1,3-Diiscaropropylcarbodiimide, often abbreviated to DIC, DIPC or DIPCDI, is a coupling agent often used widely in organic chemistry for the synthesis of amides, peptides, esters and various heterocycles.
Carbodiimide based reagents have been routinely used in peptide chemistry for the formation of amide bonds since the introduction of dicyclohexylcarbodiimide (DCC) and its use in combination with the racemisation suppressing additive 1-hydroxybenzotriazole (HOBt ) and more recently 2-hydroxypyridine N-oxide (HOPO, product code FH05522). DIC is a clear liquid (bp 145-148°C) which makes it easier to handle than the low melting point solid DCC; an additional advantage is that the diisopropylurea byproduct formed during the coupling reaction is more soluble in dichloromethane than that formed if DCC is used. This makes DIC a more suitable coupling agent for use in solid-phase peptide synthesis, where urea byproduct insolubility has proved to be problematic. The general mechanism for the formation of amides or peptides is shown in Scheme 1, and proceeds via the formation of an O-acylisourea intermediate 1. This activated ester subsequently reacts with an amine nucleophile to form the amide bond and diisopropylurea 2. The major side-reaction is a rearrangement of 1 to an N-acylurea, but this is effectively suppressed by the use of solvents such as dichloromethane or chloroform.
Carpino and El-Faham have demonstrated that the combination of DIC with the additive HOAt (Figure 1) has advantages over DIC / HOBt for peptide coupling reactions, with very little, if any racemisation occurring in CH2
solvent. The effective coupling of N-methylated, sterically hindered amino acids under solid-phase conditions has also been reported using this combination. The enhanced reactivity of HOAt over HOBt has been postulated to be due to the effect of the neighbouring nitrogen atom. The additional development of a stepwise procedure for peptide synthesis in which the hindered base collidine is added as an activation enhancer followed by diisopropylethylamine to enhance coupling has also been described. Ramage has also investigated the triazole based additive HOCt in combination with DIC and reported negligible racemisation with all amino acids except histidine.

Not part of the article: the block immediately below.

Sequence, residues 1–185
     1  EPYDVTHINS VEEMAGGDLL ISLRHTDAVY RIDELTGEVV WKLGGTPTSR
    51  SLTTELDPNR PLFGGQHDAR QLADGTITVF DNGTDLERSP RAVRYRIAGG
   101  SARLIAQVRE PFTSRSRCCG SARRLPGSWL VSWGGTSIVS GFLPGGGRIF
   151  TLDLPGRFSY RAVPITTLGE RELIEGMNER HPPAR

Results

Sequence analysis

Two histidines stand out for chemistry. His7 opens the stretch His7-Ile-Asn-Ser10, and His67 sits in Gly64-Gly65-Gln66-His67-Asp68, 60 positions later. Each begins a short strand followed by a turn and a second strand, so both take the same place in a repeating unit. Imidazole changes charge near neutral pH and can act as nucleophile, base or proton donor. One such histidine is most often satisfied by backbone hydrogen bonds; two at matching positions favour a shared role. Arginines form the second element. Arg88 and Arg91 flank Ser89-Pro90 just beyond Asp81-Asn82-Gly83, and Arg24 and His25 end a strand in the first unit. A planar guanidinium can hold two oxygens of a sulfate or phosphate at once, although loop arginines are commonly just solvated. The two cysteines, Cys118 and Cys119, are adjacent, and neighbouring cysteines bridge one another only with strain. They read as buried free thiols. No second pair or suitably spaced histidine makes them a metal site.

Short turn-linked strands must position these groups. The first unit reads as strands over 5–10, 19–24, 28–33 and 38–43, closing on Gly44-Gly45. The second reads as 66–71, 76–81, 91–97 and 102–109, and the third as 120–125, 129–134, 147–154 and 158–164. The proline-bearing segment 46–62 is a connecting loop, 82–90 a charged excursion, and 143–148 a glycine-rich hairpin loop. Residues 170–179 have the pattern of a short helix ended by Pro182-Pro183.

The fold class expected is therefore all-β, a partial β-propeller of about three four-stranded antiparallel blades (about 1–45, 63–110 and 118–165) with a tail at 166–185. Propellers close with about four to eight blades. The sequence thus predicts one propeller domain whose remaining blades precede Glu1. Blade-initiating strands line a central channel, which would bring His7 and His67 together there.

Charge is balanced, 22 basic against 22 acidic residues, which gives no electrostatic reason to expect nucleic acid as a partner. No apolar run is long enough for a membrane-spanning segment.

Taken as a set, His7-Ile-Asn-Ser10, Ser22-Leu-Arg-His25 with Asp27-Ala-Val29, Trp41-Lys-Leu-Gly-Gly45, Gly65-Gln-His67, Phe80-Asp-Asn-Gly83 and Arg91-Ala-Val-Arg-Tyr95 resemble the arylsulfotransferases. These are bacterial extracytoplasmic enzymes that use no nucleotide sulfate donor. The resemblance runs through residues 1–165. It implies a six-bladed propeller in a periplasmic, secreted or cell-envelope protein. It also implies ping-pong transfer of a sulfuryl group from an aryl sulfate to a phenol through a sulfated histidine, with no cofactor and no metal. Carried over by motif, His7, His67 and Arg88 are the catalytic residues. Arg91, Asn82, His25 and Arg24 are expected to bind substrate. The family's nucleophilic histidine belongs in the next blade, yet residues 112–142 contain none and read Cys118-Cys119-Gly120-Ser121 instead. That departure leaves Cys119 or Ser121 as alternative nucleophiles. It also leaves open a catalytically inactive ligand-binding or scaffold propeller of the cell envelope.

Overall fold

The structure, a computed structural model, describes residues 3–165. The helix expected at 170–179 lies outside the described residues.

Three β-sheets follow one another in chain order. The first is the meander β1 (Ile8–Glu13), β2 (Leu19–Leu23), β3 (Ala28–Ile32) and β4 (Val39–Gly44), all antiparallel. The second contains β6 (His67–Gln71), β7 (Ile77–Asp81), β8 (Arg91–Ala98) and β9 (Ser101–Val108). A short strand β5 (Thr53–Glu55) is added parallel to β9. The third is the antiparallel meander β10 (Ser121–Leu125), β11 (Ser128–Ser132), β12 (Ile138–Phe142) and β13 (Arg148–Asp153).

Common peptide coupling additives.
In a similar fashion to the synthesis of amide bonds, DIC can also be used to form esters from carboxylic acids via activated ester intermediate 1
, as illustrated in Scheme 2.
Guzzo and co-workers have reported the synthesis of optically active (acyloxy)alkyl esters via a coupling and rearrangement reaction mediated by DIC, Scheme 3. The coupling step proceeds via unsymmetrical diacylperoxide 3
which then rearranges with the loss of carbon dioxide to yield 4
. (Acyloxy)alkyl esters 4
have utility as prodrugs of carboxylic acid containing compounds.
DIC is widely used as a dehydrating agent in the synthesis of a diverse range of heterocycles. Recent examples (Scheme 4) include the formation of dihydroquinazolines (5
) on solid-phase using DIC and HOBt, synthesis of 2-oxazolines (6
) from N
-(b-hydroxyl)amides and trisubstituted imidazolidinones (7